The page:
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The Faber Pocket Guide to Mozart

Sir Nicholas Kenyon

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Why is Mozart the best known and most popular of all the great Western classical composers? As the 250th anniversary of his birth approaches, his reputation stands higher than ever before. This lively new Pocket Guide assesses what Mozart means to us today, and explores why his music is so enduringly valued by listeners.

The Guide aims to tell the general reader and listener in concise form all they need to know in order to listen to and enjoy Mozart’s music – it will introduce a new generation of concert-goers and record-listeners to all his key works in forms from opera to symphony, concerto to song. In a crisp, sharp style, with extensive recommendations of good performances and recordings, Nicholas Kenyon shows how Mozart has turned a different face to every age that has performed his music and has communicated with unique.

Separating the Mozart myth and the Mozart industry from the realities of his superb music, the book also asks key questions: How did Mozart compose? What did he look like? What did he think? How should we perform his music today? There will also be a brief calendar of Mozart’s life, a musical glossary and a who’s who of key figures in his life.

Critic Reviews

it does all one could ask, and more, of a pocket guide ... Kenyon's knowledge of the repertoire, and the enthusiasm and insight that he brings to his descriptions of it may also lead even seasoned Mozartians to new discoveries. He writes tellingly, for example, of the series of Concert and insertion arias composed for Aloysia Lange ... The Attention Kenyon devotes to comparatively little-known works such as this, as well as his overview of recent research, make this book well worthy of investigation even by those who might not feel the need of a Pocket Guide to Mozart.

Critic Reviews

There have been surveys of Mozart's music before but none have so successfully placed it in the context of his life and achievements as Nicholas Kenyon does here. Most importantly Kenyon wears his expertise and scholarship lightly and allows his enthusiasm full rein ... you simply can't wait to get cracking on the msuic itself. Whether you are a seasoned Mozartian or just starting out, this books forms the perfect companion to some of the greatest music ever composed.'
Best Buy Five Star Rating

Classic FM Magazine
Critic Reviews

Nicholas Kenyon is also refreshingly down to earth, while brimming with lightly worn scholarship, in his brisk tour d'horizon, The Pocket Guide to Mozart . The life and works - 'utterly direct yet emotionally elusive, simple yet infinitely complex' - are examined in meticulous detail, in a well-organised handbook at bargain price. All the perennial Mozart arguments are settled in cool, well-informed style.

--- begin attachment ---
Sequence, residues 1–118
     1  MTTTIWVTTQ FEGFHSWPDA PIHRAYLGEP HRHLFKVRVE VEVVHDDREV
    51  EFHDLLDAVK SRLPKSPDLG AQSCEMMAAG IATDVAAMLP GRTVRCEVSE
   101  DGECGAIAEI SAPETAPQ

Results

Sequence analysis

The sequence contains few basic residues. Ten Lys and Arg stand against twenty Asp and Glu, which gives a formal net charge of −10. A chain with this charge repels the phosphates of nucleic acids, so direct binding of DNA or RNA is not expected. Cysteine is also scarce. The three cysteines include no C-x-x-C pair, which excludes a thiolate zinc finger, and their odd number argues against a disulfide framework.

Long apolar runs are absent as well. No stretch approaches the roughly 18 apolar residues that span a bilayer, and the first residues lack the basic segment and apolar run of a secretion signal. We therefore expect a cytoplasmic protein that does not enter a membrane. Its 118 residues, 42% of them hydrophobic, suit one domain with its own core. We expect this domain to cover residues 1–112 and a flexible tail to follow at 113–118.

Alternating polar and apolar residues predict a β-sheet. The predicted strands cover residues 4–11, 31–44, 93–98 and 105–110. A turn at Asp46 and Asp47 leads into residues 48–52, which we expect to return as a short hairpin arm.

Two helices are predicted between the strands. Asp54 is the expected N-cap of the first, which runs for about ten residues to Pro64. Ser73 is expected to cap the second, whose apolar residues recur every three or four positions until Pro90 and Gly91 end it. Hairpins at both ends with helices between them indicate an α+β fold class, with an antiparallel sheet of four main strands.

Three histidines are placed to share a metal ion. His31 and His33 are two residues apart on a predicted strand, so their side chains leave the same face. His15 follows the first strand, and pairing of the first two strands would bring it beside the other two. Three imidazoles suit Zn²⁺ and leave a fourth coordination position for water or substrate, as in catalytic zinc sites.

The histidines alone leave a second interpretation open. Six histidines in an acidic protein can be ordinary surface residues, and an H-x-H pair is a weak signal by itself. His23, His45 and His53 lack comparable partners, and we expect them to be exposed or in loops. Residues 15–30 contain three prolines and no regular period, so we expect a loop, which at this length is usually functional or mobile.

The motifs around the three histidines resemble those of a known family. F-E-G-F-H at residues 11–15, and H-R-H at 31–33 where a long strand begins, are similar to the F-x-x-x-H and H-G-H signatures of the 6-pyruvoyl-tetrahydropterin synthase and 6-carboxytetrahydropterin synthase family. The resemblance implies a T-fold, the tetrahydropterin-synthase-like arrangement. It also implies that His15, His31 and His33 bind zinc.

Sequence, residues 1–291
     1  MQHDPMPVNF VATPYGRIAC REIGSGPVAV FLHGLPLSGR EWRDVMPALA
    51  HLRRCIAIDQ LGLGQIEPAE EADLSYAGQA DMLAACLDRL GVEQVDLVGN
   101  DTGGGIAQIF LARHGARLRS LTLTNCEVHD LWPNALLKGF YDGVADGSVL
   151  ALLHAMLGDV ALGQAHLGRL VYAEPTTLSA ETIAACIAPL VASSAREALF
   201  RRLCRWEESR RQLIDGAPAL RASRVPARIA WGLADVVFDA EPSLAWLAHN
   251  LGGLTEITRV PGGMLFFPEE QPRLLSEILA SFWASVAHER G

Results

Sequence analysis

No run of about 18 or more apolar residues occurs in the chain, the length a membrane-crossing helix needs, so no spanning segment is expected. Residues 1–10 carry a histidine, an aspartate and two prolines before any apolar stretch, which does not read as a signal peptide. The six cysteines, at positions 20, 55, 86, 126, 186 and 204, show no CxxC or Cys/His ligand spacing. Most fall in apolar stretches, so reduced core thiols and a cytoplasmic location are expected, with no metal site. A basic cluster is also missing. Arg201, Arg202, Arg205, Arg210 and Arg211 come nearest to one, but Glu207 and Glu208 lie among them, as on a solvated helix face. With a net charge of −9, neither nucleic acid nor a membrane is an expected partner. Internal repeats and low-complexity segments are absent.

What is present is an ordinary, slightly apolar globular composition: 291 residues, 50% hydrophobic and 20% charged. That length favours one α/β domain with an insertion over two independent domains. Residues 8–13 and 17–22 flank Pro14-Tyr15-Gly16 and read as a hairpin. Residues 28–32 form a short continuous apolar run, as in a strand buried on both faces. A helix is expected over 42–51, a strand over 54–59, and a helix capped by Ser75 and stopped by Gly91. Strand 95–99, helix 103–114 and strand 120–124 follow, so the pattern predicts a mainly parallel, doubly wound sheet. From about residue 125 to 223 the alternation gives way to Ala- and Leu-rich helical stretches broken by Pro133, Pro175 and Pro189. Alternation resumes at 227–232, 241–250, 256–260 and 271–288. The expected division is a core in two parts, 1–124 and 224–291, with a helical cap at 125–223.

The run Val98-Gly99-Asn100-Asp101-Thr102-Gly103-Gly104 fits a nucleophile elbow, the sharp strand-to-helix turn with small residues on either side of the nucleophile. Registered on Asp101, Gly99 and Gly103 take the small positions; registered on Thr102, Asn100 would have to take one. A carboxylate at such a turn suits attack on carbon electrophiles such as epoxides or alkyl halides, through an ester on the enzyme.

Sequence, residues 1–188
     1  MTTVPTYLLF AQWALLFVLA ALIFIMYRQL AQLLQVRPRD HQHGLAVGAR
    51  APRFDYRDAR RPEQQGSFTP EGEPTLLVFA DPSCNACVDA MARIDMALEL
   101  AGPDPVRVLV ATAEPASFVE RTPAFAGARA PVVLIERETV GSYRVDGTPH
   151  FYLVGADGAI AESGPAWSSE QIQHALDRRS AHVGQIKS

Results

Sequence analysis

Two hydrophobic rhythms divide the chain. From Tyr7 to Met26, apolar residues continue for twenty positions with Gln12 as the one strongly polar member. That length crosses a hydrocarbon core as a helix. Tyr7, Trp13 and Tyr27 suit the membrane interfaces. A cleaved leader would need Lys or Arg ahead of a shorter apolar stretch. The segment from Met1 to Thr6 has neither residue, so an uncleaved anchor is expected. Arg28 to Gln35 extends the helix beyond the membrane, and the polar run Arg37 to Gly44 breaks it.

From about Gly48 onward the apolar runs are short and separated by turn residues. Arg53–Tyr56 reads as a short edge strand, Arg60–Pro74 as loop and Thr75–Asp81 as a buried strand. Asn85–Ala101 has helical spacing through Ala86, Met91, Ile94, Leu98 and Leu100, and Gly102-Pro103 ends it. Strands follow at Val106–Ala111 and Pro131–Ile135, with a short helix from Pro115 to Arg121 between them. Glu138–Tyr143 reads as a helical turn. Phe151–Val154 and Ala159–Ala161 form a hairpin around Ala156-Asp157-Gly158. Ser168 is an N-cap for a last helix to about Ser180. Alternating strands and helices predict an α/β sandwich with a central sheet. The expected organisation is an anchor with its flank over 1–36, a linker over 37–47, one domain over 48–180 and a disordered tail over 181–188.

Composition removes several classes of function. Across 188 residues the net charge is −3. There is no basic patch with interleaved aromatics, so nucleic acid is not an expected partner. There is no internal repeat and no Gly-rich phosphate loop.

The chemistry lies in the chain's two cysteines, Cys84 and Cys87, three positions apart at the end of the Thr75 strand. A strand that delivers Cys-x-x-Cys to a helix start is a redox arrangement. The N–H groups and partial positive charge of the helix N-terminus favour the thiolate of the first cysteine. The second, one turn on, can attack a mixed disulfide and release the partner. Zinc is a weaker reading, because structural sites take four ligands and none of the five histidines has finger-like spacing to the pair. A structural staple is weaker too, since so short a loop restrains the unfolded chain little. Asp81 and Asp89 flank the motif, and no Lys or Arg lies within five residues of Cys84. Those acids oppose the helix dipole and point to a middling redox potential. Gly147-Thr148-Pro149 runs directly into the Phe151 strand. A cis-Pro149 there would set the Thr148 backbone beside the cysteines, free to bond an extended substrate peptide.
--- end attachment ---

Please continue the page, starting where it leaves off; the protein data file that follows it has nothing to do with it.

Can you fit all you need to know about Mozart in your pocket? You can now.'

Critic Reviews

200 pages of good programme notes about his major compositons, a choronolgy of his life, notes about his singers, patrons, and contemporaries, and an essay on performing Mozart today. Immaginatively, Kenyon also includes things which people have said about him and some poetry, and there is a Top 10 of his most played works...this is a useful book ... and gains fomr having new ideas in presentation.

Liverpool Daily Post
Critic Reviews

Kenyon, an immensely experienced communicator, involves us in his own Mozartian passion ... Kenyon wirtes lucidly about the music and isn't afraid of stretching the ordinary reader ... his overall approach is general and highly accessible... We could really use something like this for other composers.

BBC Music Magazine
Critic Reviews

'But the best equipped in this regard is Early Music enthusiast Nicholas Kenyon: his Faber Pocket guide to Mozart is not just the cheapest but the most down to earth and succinct of anniversary commentaries.'

FT Magazine

Nicholas Kenyon has been Managing Director of the Barbican Centre since 2007. He was Director of the BBC Proms from 1996 to 2007, and Controller, BBC Radio 3, from 1992 to 1998. He read History at Balliol College, Oxford, and his first post was with the English Bach Festival 1973-6. He was a music critic for The New Yorker, The…

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